"It would be a shame for you to leave with the idea that this is a strapless bra," Bree McKeen told Refinery29 at a preview event for the Everyday Bustier, the inaugural and hallmark item of the brand she founded, Evelyn & Bobbie. After all, this particular lingerie silhouette has a pretty bad reputation with anyone who's unsuccessfully tried to keep one on for the duration of a workday (or even just a couple-hours-long event). The Everyday Bustier has already distinguished itself: not just any strapless bra can meet and wildly exceed its fundraising goal on Kickstarter within a few days, with backers willing to shell out almost $100 for undergarments. "When people hear ‘strapless bra,’ they think special occasion, inferior in performance — no," McKeen continues. "This is a bra that’s superior in performance to your bras with straps."
Evelyn & Bobbie debuted its campaign on the crowdfunding site on May 16, and has already raised over $172,000 (and counting) to fulfill its goal of introducing the most fundamental innovation in lingerie since the 1930s, when the underwire bra was first introduced. Its Everyday Bustier offers an ergonomic design that provides the contour and support one would expect to get from an underwire — except, there's no wire whatsoever. "Your traditional strapless bra has an underwire and material in the cups, but it entirely depends on the wearer getting her around-body measurement correct," explained Stephanie Muhlenfeld, Evelyn & Bobbie's VP of product design, who paired up with McKeen on this venture after working in the lingerie business for for 15 years. "If [the band] is too loose, it’s going to slide down on your body — but all the weight is front-loaded, into the cups, versus around the body."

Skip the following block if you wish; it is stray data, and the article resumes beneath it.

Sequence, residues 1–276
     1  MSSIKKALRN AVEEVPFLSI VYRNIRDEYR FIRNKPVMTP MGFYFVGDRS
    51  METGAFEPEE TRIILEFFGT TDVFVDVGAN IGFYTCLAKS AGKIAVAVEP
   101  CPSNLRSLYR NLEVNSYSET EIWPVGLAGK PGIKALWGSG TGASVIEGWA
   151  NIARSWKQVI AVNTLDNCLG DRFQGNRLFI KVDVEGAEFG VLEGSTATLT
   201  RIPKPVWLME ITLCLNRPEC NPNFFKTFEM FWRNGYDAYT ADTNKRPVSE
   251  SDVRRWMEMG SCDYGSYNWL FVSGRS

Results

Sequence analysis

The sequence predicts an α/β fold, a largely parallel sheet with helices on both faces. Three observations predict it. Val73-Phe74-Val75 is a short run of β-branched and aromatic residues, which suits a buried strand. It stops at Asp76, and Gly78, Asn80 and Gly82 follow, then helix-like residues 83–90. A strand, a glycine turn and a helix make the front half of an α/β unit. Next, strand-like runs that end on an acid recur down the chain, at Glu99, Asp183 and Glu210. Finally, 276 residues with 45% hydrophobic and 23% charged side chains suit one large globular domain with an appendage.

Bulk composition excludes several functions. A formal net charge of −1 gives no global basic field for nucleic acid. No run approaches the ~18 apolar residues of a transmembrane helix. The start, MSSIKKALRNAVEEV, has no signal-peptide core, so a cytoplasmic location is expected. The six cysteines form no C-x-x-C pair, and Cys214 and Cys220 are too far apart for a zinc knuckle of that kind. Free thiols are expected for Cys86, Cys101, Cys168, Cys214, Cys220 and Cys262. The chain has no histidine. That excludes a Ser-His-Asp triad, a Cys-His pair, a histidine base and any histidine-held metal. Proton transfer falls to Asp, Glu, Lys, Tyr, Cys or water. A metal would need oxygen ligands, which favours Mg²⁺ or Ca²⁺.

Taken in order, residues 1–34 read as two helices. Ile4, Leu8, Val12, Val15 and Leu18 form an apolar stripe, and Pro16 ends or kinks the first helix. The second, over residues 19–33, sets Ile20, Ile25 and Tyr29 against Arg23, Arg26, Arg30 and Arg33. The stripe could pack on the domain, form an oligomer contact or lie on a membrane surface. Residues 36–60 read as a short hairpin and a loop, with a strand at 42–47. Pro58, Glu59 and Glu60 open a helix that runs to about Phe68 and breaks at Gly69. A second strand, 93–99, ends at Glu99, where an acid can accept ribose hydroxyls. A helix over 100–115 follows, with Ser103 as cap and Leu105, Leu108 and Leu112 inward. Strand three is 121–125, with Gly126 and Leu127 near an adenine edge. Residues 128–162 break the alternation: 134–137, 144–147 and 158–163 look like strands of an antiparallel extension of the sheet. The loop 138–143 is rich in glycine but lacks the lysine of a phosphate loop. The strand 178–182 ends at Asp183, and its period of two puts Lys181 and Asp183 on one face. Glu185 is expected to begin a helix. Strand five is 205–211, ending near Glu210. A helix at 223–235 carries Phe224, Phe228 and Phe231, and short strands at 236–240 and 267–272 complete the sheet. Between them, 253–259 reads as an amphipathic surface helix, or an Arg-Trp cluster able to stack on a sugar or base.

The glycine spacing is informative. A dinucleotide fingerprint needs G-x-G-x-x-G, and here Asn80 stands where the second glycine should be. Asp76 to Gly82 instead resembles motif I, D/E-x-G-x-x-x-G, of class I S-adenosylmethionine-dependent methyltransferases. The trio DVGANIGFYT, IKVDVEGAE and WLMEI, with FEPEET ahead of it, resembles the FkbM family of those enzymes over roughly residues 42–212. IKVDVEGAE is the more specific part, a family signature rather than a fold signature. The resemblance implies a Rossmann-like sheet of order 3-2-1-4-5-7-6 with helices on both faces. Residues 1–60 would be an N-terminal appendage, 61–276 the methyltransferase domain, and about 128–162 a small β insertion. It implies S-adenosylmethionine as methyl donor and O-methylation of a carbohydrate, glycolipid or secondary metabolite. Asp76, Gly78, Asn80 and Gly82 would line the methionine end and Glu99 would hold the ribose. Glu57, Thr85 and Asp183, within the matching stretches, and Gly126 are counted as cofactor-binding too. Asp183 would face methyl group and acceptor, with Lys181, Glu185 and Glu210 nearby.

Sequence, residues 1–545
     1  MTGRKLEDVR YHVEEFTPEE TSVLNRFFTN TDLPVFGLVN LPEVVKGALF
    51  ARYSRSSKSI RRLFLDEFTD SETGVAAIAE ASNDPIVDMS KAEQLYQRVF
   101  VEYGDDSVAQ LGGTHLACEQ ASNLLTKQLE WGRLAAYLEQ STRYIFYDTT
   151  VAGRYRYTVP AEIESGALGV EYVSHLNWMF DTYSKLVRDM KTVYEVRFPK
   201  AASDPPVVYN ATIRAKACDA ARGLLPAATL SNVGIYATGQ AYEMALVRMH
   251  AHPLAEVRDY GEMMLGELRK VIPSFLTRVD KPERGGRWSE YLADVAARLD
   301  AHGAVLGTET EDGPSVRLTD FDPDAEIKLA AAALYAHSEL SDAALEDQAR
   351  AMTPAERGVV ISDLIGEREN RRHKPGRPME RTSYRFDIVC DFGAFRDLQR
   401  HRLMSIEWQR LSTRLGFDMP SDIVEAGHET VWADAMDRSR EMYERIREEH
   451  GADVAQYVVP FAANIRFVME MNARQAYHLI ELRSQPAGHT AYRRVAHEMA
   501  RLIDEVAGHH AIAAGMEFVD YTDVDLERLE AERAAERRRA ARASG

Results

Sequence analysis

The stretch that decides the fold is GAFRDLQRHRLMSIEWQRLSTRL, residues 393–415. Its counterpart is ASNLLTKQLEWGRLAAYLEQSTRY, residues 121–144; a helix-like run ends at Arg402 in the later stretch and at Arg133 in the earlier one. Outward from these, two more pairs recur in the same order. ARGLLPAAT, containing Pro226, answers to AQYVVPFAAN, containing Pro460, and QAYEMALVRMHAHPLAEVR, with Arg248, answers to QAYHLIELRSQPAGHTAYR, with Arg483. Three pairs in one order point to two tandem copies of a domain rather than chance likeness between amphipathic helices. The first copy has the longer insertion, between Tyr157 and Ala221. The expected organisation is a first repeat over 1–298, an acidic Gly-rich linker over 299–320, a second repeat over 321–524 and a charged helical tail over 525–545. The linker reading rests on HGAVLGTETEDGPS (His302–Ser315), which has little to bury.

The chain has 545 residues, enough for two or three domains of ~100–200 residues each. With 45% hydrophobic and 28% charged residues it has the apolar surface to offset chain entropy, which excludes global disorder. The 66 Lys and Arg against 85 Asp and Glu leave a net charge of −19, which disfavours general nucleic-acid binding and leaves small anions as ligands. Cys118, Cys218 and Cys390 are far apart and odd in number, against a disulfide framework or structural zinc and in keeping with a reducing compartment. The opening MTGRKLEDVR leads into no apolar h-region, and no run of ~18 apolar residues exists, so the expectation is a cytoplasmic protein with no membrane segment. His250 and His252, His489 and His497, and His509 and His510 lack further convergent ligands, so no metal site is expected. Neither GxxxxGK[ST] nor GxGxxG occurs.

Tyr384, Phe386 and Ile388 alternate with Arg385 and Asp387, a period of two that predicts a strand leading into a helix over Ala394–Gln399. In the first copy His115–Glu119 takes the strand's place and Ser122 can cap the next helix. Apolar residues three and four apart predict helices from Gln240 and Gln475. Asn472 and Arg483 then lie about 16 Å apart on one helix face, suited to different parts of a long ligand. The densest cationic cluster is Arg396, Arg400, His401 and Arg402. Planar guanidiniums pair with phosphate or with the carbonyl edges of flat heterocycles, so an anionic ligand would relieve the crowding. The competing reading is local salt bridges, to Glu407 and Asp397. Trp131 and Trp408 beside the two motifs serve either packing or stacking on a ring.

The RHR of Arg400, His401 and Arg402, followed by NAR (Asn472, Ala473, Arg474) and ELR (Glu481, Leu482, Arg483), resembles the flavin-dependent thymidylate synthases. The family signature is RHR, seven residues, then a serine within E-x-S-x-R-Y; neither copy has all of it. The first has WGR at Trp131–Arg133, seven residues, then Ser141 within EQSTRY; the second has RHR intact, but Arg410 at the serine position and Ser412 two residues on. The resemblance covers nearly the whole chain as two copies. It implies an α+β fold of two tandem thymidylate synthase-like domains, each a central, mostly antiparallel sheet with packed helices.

The solution she and McKeen landed on was to offer 360º degree support in a garment that holds you snugly around the torso, using memory foam-padded cups and specially engineered fabrics that mold to your body to offer lift without straps or underwire. "That load is [then] distributed by being hugged to your core," McKeen noted. The Everyday Bustier also features a front closure, with a supportive, stretchy back band replacing the conventional hook-and-eye. The final product — which is launching in five flesh-hued tones and one printed-on lace pattern — comes after identifying 10 key measurements from years of research, surveys, and fittings; on the consumer-facing side, though, shoppers only need to provide three sizes to Evelyn & Bobbie to find the right size. (More on that later.)
Part of the problem with mainstream strapless bra design is that the traditional measurements for bra fitting, which are taken for the band and across the bust, don't factor into the actual product design, according to Muhlenfeld. That's one of the first things she and McKeen wanted to re-engineer when embarking on this venture: "It's important to talk first about product before fit," the founder echoed, noting that the cup-and-band sizing system we use today originated in the early 20th century, and hasn't really been revisited by manufacturers. (Instead, we see small brands work to provide better fit within those parameters, like ThirdLove's half-cup sizing.) "That sizing system actually never made sense, because the way breast tissue distributes three-dimensionally, a 'cup' and a 'band' doesn’t actually map how our body [works]," McKeen argued. "We set these anchors in industry, and they will stay because we say, 'Well, that’s how bras are sized.'"